You cannot sanitize a toxic culture without major changes to the culture. Hopefully the death of Nipsey Hussle will result in a re-examination of the culture and an agreement for change. The people who are mourning his loss, especially those who have the means to do so should step in and establish programs and ventures that uplift the young men and women who are under this negative cloud. I have personally done this and have seen many former gang members start a new life and become positive. I do not have the means to make a massive difference but there are many out there who do have the means and social influence to do something. We need strategic planning and implementation of programs targeting these communities. I say step up or shut up.

All things are possible if you believe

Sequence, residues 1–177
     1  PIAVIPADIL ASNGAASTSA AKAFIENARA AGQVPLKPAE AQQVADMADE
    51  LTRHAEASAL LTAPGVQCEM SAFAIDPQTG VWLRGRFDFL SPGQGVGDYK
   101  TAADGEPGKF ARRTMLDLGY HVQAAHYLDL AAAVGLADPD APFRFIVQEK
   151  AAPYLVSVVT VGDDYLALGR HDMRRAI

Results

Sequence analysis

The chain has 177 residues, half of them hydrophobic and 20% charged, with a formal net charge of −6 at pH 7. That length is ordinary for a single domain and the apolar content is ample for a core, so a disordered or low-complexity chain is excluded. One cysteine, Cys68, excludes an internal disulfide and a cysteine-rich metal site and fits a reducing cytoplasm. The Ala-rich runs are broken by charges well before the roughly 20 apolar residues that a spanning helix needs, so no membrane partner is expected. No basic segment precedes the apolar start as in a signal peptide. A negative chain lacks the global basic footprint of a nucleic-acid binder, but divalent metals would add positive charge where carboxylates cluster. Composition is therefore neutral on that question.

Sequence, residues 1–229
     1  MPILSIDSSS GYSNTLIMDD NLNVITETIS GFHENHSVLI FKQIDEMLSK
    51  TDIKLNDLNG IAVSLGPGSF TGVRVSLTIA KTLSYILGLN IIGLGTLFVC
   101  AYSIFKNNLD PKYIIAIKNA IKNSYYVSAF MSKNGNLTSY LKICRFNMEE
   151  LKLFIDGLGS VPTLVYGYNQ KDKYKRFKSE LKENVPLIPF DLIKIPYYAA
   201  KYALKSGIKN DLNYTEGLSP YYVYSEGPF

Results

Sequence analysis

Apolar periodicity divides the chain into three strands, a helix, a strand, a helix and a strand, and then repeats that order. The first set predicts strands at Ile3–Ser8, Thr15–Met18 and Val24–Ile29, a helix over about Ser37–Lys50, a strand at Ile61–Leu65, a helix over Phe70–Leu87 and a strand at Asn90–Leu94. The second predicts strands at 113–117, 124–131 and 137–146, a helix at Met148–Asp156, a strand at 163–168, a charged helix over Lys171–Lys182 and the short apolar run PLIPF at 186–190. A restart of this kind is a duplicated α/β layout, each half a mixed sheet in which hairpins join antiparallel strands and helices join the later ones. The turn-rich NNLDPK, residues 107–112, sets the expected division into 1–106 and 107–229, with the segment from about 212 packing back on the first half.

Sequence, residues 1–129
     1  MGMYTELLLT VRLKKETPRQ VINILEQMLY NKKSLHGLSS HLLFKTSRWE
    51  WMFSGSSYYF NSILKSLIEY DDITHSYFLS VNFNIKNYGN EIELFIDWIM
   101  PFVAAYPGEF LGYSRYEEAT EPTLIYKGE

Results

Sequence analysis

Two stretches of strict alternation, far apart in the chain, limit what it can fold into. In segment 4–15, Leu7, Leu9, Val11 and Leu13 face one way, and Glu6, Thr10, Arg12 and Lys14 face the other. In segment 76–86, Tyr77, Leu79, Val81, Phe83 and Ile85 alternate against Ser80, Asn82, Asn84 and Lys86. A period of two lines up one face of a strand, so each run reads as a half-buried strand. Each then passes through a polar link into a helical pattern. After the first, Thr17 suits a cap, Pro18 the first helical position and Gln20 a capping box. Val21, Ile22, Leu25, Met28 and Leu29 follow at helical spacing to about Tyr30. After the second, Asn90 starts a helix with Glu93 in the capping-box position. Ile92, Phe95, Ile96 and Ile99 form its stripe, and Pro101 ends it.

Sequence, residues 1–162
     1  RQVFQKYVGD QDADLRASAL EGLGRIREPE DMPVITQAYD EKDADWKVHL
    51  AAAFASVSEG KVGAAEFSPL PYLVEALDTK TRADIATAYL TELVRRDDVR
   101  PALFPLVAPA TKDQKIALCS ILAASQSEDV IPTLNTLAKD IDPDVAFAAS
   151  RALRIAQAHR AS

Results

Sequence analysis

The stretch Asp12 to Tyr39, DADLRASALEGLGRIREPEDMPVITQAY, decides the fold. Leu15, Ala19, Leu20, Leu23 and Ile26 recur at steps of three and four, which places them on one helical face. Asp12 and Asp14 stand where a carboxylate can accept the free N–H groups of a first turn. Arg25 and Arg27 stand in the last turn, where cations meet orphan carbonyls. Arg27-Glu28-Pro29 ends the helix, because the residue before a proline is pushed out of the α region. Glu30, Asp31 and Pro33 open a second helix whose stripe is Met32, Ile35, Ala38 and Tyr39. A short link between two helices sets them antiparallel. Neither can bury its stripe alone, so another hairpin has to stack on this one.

I was a part of producing change in the gang culture in The Bahamas. Through a series of programs including “Youth Alive”, “Holy Hip Hop”, “Peace on the Streets” and “Second Chance”, I along with others helped gang members change their lifestyles and created opportunities for them to move beyond the negative culture. Many of those young men today are pillars in the community and some are reaching back to help others. It’s possible if you believe. It’s possible if you are willing to work. It’s possible if we focus on doing what the master told us – go into all the world and make disciples. A disciple is simply a student. We have to be willing to teach young men and women and tell them the truth about life. Let them know that there is a better way and do what we can to show them the path to a better life. It has been done and can be done if we believe.

• Pastor Dave Burrows is senior pastor at Bahamas Faith Ministries International. Feel free to email comments, whether you agree or disagree, to I appreciate your input and dialogue. We become better when we discuss, examine and exchange.